"The vast majority of the literature focuses on household consumption of tanker water, however, the extent to which business customers drive the performance of such markets is not well addressed in the literature, and this is the gap that the study attempts to fill. The study analysed the performance of the four most important supply chains of the market by looking at the depth and breadth of the trade within each of the supply chains and the competition among them. The greatest challenge was to achieve a representative sample of the traffic that would allow to draw some estimates of the amount of water traded and the distribution of gains among the different players, from the water source manager, to the tanker driver and the business customer. To carry out the research I used a mix of research methods including direct observation and semi-structured interviews that sought for quantitative and qualitative information to clearly understand the behaviour of the market and its structure. The study was done in the city of Morelia, Mexico. I chose this city because I was informed about the continuous presence of water tankers that supplied water to the city and because of the relatively manageable size of the city that would allow me to achieve a representative sample of the market in less than a month of field work.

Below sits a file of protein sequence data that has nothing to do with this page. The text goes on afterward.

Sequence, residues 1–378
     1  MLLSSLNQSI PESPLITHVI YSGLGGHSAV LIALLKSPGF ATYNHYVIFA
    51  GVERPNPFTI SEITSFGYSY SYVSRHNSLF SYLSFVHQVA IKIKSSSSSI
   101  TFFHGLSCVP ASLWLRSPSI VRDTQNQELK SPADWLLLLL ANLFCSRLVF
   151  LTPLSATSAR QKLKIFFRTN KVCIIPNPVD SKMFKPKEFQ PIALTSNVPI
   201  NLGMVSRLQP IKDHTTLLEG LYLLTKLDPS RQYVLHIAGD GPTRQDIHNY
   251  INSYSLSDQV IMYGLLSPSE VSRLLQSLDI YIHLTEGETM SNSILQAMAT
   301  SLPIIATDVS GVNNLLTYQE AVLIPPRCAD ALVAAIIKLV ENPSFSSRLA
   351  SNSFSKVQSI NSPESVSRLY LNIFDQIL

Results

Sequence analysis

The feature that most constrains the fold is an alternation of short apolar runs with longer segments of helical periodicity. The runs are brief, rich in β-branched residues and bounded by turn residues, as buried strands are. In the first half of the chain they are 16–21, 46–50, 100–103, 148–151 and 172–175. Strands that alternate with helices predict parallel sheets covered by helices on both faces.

"This experience was extremely valuable for me. I learned how to approach different actors, from tanker drivers to water utility managers, and to put a face to the problems in an urban water supply environment. I also got to know myself much better. I had to be organised and disciplined in order to collect the data in an orderly manner by following a pre-defined methodology. I always had to think ahead to set the next steps. Finally, the field work and the dissertation exercise proved to have a high impact in my career progression. I was able to communicate clear messages about water resource management issues to interviewers who appreciated this kind of experience and the entrepreneurial character of my research. This played an important role in getting my current position in Bolivia as Water Resource Management Advisor for the German Development Cooperation (GIZ)."
"The aim of my study was to advance the understanding of the relationship between arsenic exposure from groundwater and psychosocial distress, by studying lived experiences within the context of southwestern Bangladesh. I undertook an exploratory qualitative study, where I conducted in-depth interviews with members of an affected community in a village in Satkhira district. Following this, I applied the hermeneutic-phenomenological approach in analysing the data. This was an incredibly valuable experience, wherein I not only gained substantial experience in researching an under-recognised field, but also in assessing my positionality as a researcher and broaching sensitive subjects.
"The dissertation was also the perfect bridge to the DPhil programme, which I commenced almost immediately after. My DPhil research is a thematic continuation of my MSc dissertation, and thus I am building upon the findings of the study and applying what I’ve learned from my experiences of study design, fieldwork and academic writing."